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Beware of Demographic Promises

January 13, 2021

A few years ago, Ian Ippolito (whom I had the pleasure of interviewing on the Capital Spotlight podcast) wrote an article called, “Beware of Sponsor Promises of a Demographic Tailwind”. For those that aren’t familiar, Ian is a successful technology entrepreneur who turned to passive real estate investing in order to grow his wealth and provide his family an income. Ian later founded The Real Estate Crowdfunding Review, a terrific resource for those looking to learn more about passive investing.


In this article, Ian addresses a classic issue with many investment theses, which is that many are happy to pay too much for an investment because the future growth prospects look so good that it may be able to make up for the steep price paid today. This issue can further be described by a pitch totally focused on the qualitative analysis/market fundamentals and not enough on the quantitative analysis which is what really determines financial returns. An example pitch used by Ian to make this point is, “Austin, Texas has been ranked in the top five places for millennials to live, work and play. So, while it was a bit expensive to purchase this property, all these young people moving to Austin in the next couple of years will make this a fantastic investment”.


This doesn’t mean investing in Austin or any other high growth strategy is bad; it’s not, it usually works. But the problem is people start paying any price to get exposure to said growth. No matter where you’re investing, you have to be very cognizant of the price you’re paying, and not solely rely on demographic tailwinds. I’ve observed this from personal experience. When a growth market becomes frothy and investors from all around the country and world are piling in, people tend to overpay, and prospective returns get compressed.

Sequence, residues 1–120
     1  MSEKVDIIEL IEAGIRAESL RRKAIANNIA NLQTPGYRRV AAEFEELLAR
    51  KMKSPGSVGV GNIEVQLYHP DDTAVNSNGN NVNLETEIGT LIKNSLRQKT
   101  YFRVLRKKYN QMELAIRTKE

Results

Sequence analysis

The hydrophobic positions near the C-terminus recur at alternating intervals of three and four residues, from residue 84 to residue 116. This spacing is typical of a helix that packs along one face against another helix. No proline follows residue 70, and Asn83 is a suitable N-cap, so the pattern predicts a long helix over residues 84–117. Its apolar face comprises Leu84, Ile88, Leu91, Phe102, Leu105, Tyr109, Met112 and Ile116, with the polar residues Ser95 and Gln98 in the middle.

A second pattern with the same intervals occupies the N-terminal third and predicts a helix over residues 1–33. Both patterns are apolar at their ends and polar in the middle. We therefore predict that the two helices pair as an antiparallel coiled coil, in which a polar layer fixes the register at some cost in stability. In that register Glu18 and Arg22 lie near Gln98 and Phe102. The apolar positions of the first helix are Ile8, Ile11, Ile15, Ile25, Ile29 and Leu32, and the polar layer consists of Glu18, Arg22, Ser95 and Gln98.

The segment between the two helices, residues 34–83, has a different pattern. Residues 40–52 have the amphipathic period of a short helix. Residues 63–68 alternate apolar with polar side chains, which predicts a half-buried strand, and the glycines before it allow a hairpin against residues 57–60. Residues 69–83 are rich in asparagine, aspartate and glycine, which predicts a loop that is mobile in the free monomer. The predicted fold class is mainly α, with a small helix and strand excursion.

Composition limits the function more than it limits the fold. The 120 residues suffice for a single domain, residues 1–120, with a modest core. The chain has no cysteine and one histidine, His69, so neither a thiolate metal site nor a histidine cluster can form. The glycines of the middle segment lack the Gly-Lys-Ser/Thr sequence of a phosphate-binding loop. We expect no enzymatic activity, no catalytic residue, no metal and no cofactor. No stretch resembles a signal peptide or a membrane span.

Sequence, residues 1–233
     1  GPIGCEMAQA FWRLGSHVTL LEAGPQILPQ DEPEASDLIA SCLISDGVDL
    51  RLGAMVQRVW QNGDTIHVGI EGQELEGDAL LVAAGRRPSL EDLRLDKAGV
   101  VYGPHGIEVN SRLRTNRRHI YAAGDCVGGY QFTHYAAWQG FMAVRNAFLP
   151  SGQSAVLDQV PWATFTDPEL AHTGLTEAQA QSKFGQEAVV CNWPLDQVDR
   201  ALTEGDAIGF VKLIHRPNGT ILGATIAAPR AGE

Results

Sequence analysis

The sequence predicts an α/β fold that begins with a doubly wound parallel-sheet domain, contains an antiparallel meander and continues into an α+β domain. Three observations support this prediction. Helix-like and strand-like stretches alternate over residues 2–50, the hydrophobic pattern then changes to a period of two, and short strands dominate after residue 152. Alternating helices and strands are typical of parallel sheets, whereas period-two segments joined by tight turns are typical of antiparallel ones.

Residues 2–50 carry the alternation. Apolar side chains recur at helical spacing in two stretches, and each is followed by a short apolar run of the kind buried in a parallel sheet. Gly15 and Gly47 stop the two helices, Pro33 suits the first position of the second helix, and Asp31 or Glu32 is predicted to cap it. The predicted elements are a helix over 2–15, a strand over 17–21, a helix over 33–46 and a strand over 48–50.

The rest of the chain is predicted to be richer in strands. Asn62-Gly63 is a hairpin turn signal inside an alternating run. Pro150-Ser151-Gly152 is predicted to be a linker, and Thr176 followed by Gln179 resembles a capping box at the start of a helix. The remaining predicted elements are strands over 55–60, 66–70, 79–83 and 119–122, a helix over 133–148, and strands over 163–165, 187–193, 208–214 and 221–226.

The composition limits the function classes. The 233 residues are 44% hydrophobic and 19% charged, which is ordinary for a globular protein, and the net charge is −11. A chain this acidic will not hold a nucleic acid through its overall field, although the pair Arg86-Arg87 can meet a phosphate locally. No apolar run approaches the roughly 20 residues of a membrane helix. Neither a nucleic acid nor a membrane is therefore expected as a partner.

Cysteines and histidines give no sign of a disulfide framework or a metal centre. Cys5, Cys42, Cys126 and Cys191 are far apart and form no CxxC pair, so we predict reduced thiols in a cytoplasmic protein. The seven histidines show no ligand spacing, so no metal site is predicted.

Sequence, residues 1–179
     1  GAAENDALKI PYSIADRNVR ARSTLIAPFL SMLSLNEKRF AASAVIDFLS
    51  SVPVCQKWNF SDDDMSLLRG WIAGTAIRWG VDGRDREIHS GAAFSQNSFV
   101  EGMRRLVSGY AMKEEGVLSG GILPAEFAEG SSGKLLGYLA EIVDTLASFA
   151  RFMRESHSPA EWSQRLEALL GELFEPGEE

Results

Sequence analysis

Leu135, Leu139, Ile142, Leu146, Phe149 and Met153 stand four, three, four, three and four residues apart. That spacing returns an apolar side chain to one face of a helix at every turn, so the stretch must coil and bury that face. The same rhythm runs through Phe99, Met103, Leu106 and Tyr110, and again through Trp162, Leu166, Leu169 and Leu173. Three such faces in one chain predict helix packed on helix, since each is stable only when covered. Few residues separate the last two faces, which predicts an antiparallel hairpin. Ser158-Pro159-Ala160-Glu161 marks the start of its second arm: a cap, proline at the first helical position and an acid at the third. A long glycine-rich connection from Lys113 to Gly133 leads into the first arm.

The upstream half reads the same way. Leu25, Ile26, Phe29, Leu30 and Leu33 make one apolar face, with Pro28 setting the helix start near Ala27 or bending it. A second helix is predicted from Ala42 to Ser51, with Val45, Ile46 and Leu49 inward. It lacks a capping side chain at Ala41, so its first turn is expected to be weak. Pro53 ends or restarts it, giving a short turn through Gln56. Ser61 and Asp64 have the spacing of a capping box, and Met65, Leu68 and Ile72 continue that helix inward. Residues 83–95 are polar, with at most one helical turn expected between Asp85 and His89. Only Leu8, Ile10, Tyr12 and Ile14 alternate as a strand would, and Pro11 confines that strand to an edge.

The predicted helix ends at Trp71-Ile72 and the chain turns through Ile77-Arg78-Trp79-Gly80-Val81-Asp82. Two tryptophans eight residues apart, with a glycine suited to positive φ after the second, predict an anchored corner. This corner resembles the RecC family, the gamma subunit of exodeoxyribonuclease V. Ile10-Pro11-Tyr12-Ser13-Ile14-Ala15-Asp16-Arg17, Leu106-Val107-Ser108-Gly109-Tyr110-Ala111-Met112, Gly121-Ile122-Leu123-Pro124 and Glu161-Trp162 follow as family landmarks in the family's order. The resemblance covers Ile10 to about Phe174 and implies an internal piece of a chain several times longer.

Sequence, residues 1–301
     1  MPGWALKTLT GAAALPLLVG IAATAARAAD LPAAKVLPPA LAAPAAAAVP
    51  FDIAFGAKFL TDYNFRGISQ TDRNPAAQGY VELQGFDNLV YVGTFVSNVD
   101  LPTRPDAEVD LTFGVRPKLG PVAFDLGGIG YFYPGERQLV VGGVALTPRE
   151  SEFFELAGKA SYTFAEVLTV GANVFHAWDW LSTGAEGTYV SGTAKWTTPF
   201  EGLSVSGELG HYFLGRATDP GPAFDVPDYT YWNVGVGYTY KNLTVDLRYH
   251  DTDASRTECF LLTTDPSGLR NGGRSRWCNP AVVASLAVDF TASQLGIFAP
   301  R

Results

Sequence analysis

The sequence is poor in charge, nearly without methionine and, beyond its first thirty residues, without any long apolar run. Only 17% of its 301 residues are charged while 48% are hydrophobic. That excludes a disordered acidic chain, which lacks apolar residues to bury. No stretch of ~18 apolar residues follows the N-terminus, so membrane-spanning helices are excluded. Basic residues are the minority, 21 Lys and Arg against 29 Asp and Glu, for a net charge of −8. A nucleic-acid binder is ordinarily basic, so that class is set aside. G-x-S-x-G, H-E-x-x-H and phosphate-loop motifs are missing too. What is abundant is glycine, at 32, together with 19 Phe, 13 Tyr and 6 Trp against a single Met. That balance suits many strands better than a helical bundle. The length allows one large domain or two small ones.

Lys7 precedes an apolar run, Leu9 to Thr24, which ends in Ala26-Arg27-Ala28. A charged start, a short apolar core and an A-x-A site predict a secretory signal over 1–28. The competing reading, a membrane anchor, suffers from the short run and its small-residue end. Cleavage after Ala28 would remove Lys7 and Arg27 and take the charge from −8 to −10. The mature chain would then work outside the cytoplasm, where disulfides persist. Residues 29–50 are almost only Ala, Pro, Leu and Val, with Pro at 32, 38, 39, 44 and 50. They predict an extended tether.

Aside from investor competition driving up prices in these scenarios, the other reason which can make chasing growth a faulty investment thesis has to do with the supply side of the equation. Just as investors know about a great market or asset class, developers know as well and they build and build and build, until there is excess supply, mitigating the potential upside of strong demand. There are certain markets or asset classes which are severely difficult to develop, making this factor less relevant. For example, the San Francisco Bay Area is geographically and politically constrained, due to an ocean, mountains, and laws which make development costly and difficult. Another example is mobile home parks, which benefit from “not in my backyard” supply constraints as well as the fact that it is typically not the highest and best use for a piece of land. But even if true supply moats like these exist, there is nothing stopping investors from bidding up prices to remove any possible excess return associated with the favorable supply and demand imbalance.


So where does that leave you? Where should you invest? We don’t believe in just chasing the next trend or the highest growth markets because it’s often you and everybody else overpaying. Instead, we prefer to find markets or strategies where believe we have unique insight or advantage, which may even be contrarian to popular market opinion (and that’s where you see the greatest prospective return, when it does go right–see my quick video about the four quadrants of investing to learn more about consensus versus non-consensus investing).